Why do you behave as though this is the only time that you will be allowed to get your precious tax hikes? Have you ever considered the possibility that Americans want to see that the government can actually make any cuts at all before we sign up to have more of our money wasted? Would you continue to pour money into an insolvent business before they demonstrated that they could be fiscally responsible? You seem to be the one who is making "outrageous demands" and "bullying" those who disagree with your views by likening them to hostage takers.

I find it hard to square the final sentence of your post with the first three.

I would like to hear the response from Republican members of the house to the question ‘what federally-funded entities in your district should have their funding reduced or cut? Would they be enthusiastic about announcing the good news: the VA hospital will be shut, or our students will be losing their tuition assistance? Will they pledge that their district will lose more funds than any other district in the state? How long will Republicans blame the President when the problem is their own cowardice?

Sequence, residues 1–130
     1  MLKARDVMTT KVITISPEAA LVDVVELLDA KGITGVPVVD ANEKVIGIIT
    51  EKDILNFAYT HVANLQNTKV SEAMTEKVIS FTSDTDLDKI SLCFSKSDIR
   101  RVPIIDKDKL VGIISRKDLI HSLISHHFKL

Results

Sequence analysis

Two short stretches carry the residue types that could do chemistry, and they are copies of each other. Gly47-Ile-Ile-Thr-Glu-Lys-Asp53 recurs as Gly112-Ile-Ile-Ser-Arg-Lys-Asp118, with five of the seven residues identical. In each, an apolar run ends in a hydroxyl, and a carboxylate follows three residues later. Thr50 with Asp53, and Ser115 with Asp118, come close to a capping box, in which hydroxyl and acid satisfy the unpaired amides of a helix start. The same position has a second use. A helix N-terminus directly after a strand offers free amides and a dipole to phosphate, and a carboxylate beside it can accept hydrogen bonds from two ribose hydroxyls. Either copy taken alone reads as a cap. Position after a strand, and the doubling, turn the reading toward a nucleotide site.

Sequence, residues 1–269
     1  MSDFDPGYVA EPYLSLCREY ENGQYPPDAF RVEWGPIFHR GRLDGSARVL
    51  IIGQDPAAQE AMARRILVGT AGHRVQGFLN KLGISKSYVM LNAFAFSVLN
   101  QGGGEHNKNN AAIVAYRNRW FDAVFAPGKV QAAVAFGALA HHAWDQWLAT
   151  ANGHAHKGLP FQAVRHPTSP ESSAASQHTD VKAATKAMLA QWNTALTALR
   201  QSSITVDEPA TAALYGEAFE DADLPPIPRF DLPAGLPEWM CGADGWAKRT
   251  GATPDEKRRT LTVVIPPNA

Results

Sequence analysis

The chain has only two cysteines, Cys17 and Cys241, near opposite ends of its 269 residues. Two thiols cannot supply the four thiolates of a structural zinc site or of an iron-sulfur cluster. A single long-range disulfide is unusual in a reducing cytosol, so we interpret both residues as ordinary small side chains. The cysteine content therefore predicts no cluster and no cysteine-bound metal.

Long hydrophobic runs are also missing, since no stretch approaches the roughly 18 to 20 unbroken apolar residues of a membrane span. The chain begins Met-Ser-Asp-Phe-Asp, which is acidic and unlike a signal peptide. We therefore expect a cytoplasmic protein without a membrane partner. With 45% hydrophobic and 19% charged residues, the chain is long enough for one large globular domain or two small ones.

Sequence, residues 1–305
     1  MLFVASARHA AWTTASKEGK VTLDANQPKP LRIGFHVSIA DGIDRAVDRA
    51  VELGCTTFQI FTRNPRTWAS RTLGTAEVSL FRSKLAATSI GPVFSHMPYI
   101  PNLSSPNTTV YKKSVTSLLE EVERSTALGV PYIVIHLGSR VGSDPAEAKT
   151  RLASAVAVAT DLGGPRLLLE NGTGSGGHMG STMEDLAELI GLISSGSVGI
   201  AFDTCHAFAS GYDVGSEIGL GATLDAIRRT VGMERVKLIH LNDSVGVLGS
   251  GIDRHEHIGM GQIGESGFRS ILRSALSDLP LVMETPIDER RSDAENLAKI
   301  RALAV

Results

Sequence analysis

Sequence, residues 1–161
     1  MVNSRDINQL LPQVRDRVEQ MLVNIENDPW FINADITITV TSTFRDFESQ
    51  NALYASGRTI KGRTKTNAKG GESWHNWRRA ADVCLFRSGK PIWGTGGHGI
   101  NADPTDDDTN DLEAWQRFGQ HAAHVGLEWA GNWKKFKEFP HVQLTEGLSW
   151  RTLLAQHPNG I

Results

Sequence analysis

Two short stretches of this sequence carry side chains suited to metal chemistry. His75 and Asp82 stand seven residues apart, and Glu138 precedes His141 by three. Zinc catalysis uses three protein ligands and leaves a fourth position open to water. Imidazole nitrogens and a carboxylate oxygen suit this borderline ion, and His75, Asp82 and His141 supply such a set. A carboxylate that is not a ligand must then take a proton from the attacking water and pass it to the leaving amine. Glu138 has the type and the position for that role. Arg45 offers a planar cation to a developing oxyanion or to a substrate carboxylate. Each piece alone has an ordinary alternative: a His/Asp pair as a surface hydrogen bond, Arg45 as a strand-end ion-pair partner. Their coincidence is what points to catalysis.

I'd like to hear that, too. I've been critical of the far-right Republican governors, but at least they are prepared to deal with the consequences of their budget cuts. Republicans in Congress always want to cut the funding for the VA hospital in somebody else's district.

Great column today. I wonder if President Obama will actually call the GOP's bluff. The seriousness of the situation if the debt ceiling is not raised may give the President a chance to cave in again to the GOP's demands. If he does cave in, I then would think that he planned to all along. What is your take? Thanks.

I would be really disappointed. The president has a lot riding on this. He's going into a tough election next year and needs his base energized -- not in open revolt. It would be foolish of him to raise expectations that he was going to fight if he didn't really intend to.

Gene, in your view, which would be more perilous, a Constitutional crisis involving the debt ceiling or a default involving the debt ceiling? It appears that the GOP has led us to one of these choices.

A default would be much worse. If those were my only choices, I'd save the nation from economic catastrophe first and argue the nuances of constitutional law later.

I love your column and usually agree with you, but I hate to say that I think David Frum got it right in his column today (yikes!) when he said that Obama is caving to the GOP crazies on the debt ceiling, like he has in some previous battles, and that his base should be in revolt. Your thougths?